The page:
How Carbon Monoxide Detectors Work

A carbon monoxide detector with a digital display. See more appliance pictures.
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­Known as "the silent killer," carbon monoxide (CO) is a colorless, tasteless, odorless gas that comes from the incomplete burning of fuel. Just about anything you might burn in or around your home -- whether it's gasoline, wood, coal, propane, natural gas or oil -- can produce carbon monoxide in the right conditions. Without enough ventilation, the gas can build up to deadly levels. And it doesn't take much fuel to be dangerous: Even small tools like chainsaws can release enough CO to make you sick.

­Carbon monoxide enters red blood cells, quickly taking the place of the oxygen your body needs. Your blood then carries the CO to your organs. If you inhale small amounts of CO over a long period, the exposure might not be fatal, but it can ca­use permanent damage t­o the brain, lungs and heart. Moderate levels of CO exposure can cause burning eyes, nausea, vomiting, dizziness, severe headaches, breathing difficulties and confusion. These symptoms are easily mistaken for other common illnesses, like food poisoning or the flu. If carbon monoxide begins to fill a home while people are sleeping, the exposure can be fatal before anyone realizes something is wrong. Infants, the elderly and people with respiratory and circulatory illnesses are at an increased risk of fatal CO poisoning.

You can reduce your risk of carbon monoxide poisoning by keeping your fuel-burning appliances well maintained and using combustible fuels only in well ventilated areas. Another important step is installing a carbon monoxide detector in your home. In this article, we'll take a look at how carbon monoxide detectors sense and respond to this deadly gas as well as what to look for when you're shopping for one.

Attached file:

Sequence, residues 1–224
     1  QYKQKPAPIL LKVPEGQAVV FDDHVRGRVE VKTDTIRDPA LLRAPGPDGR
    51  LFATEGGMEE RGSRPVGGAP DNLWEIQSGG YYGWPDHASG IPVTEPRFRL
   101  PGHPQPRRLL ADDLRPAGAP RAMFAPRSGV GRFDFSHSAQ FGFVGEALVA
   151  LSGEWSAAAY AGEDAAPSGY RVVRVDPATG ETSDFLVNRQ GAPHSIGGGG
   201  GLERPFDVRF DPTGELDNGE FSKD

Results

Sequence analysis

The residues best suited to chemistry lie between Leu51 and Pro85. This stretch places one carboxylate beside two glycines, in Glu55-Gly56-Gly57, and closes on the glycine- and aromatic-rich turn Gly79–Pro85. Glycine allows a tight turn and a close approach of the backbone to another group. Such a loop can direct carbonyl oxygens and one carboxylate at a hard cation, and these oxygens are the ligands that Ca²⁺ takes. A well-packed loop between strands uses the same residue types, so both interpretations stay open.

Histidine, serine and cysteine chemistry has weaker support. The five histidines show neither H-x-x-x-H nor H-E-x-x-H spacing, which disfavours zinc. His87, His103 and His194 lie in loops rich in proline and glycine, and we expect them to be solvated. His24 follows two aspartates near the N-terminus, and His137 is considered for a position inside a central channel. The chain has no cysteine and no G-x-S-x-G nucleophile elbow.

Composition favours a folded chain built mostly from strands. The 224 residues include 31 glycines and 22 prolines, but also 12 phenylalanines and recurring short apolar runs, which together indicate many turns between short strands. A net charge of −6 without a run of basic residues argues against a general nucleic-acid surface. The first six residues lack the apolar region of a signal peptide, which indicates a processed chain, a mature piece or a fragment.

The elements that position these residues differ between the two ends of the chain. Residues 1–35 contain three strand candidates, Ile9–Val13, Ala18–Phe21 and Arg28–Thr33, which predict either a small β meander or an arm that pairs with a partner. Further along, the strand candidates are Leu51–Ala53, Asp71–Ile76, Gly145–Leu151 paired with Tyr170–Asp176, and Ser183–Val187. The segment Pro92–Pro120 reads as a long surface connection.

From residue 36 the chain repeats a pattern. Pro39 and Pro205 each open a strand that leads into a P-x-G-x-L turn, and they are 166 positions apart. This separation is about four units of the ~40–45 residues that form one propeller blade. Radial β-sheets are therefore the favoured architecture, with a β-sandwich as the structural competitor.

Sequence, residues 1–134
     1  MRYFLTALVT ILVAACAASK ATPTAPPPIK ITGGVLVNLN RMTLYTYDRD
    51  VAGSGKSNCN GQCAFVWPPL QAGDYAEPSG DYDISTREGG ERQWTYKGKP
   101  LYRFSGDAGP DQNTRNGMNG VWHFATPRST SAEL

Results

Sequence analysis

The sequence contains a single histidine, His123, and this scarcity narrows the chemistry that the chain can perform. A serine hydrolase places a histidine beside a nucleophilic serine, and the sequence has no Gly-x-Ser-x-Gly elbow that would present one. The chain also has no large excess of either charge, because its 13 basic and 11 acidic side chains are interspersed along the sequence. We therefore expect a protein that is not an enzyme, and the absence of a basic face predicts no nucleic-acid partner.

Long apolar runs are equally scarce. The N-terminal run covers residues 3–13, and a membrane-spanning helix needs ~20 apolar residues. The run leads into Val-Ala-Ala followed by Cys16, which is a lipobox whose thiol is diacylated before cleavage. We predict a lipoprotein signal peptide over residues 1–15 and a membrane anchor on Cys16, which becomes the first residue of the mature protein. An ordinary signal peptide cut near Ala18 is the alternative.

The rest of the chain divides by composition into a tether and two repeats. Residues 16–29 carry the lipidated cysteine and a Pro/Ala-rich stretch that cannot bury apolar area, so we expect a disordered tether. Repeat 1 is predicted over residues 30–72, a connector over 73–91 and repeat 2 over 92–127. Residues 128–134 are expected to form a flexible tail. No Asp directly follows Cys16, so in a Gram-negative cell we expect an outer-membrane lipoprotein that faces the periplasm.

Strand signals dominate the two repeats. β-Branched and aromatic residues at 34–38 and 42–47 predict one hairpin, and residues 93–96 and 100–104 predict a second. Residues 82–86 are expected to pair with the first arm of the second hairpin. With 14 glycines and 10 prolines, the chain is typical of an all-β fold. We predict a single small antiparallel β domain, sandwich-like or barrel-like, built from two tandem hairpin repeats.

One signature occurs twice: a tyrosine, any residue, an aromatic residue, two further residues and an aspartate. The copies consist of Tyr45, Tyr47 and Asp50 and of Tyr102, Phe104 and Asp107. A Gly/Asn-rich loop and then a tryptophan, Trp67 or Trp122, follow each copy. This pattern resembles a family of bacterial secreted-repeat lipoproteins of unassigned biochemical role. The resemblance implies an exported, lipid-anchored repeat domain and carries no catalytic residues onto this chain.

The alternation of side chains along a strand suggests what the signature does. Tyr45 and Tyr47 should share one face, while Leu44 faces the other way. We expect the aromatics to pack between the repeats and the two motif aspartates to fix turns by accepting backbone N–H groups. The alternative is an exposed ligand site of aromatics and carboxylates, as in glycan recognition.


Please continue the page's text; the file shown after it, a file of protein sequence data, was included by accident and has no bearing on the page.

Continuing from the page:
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Inside a Carbon Monoxide Detector

The interior of a carbon monoxide detector. When pressed, the peak button causes the LCD screen to display the highest level of CO recorded since the last reset.
The interior of a carbon monoxide detector. When pressed, the peak button causes the LCD screen to display the highest level of CO recorded since the last reset.
© 2008 HowStuffWorks

You may be surpr­ised to discover that a carbon monoxide (CO) detector really isn't a complicated piece of equipment. Housed inside a plastic chamber approximately 3 inches (7.6 centimeters) in diameter are parts that work in unison to alert a househo­ld when lethal gas is detected. The exact components can vary from one model to another, but here's a run-down of the basic parts:

  • A small silicon microchip sends an electronic charge, a sort of "what to do" signal, to the other parts of the detector. The chip is fused to a copper-wired, integrated electronic circuit panel, which is the base for the unit.
  • Light-emitting diodes (LEDs) use lights to let you know how the unit is functioning and whether the battery needs to be replaced. Some detectors also have a liquid crystal display (LCD) panel that shows a readout of CO levels.
  • Wires to the building's electrical system or a battery provide power to the unit.
  • A test/reset button lets you make sure the alarm is working.
  • A detection chamber houses the CO gas sensor.

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­The CO sensor identifies and measures CO gas concentration in the atmosphere in parts per million (ppm). In the United States, sensors for home use are calibrated to detect CO concentrations according to Underwriters Laboratories (UL) safety standards. When the sensor detects dangerous levels of the gas, it sends an electronic pulse to the alarm. The higher the concentration, the faster the alarm will respond. For example, the alarm will respond to concentrations of about 70 ppm in as little as an hour but will respond to concentrations of 400 ppm in as little as four minutes [source: UL 2034]. The alarm sounds at about 85 decibels (dB), just a little quieter than a typical lawnmower, but often very shrill.